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When two things having the same noun but different adjectives are connected with the word "and", should the noun appear twice, written seperately (as in example 1), or is it okay to write the noun only once while the adjectives twice (as in example 2 and 3)? Also, if only one noun appears, should it, having two adjectives, be singular or plural?

Examples:

  1. A Comparison between the Top-Down Approach and the Bottom-Up Approach
  2. A Comparison between the Top-Down and Bottom-Up Approaches
  3. A Comparison between the Top-Down and Bottom-Up Approach
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There is no rule. All of these options could work in the right context.

Your main concern should probably be clarity. Example 1 is the least ambiguous. You are probably safest going with that option. It is unlikely in this case that anyone would make this mistake, but it's possible to analyze this phrase as: a comparison between the top-down-and-bottom-up-approach [and some other approach].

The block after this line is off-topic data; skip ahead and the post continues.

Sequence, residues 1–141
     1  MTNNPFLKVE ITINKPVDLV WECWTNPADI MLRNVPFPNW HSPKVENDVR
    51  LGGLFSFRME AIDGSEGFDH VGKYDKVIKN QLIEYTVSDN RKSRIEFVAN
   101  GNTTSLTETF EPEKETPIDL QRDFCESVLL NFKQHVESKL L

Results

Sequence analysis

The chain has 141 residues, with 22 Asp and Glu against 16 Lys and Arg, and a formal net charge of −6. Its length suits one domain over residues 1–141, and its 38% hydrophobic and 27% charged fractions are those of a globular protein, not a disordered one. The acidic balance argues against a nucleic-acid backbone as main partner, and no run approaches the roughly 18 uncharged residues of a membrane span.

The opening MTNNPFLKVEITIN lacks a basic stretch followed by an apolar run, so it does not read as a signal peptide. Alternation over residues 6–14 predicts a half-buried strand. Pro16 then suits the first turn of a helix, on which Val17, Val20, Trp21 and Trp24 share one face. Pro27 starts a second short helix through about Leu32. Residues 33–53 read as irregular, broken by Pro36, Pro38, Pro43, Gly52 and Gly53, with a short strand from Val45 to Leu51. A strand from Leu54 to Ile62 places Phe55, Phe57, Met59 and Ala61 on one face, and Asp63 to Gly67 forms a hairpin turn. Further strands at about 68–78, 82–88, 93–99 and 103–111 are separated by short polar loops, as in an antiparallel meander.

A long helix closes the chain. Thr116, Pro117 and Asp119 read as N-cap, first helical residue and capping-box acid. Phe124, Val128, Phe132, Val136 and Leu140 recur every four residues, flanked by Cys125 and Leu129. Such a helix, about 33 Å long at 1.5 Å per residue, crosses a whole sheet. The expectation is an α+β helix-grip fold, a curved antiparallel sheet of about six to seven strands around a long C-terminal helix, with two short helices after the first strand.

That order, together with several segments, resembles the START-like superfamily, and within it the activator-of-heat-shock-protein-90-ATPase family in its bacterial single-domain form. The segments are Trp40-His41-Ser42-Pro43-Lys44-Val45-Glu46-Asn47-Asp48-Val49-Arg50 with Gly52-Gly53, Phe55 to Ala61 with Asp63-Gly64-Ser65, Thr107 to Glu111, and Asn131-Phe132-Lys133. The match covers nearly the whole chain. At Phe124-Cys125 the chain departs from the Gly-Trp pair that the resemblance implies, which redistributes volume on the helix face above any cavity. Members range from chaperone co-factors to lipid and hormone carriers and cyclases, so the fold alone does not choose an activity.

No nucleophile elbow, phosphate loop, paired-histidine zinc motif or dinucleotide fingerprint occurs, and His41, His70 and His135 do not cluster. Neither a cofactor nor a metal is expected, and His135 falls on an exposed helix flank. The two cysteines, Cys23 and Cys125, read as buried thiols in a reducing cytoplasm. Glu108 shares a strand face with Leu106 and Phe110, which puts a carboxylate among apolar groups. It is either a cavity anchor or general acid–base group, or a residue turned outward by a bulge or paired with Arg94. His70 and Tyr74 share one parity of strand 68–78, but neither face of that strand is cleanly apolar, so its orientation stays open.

Consider: a comparison between the purple and green radishes

In this case, there's more ambiguity, since radishes can be purple, green, or purple and green.

One other option that is fairly unambiguous is: a comparison between the purple and the green radish/s. And in your example: a comparison between the top-down and the bottom up approach/es

  • So in the last example, it doesn't matter whether the noun is singular or plural, does it? – user84323 Oct 29 '18 at 23:48
  • Not really. In the singular version, you're really just eliding one "approach" -> "the top-down [approach] and the bottom up approach" – Juhasz Oct 30 '18 at 13:28

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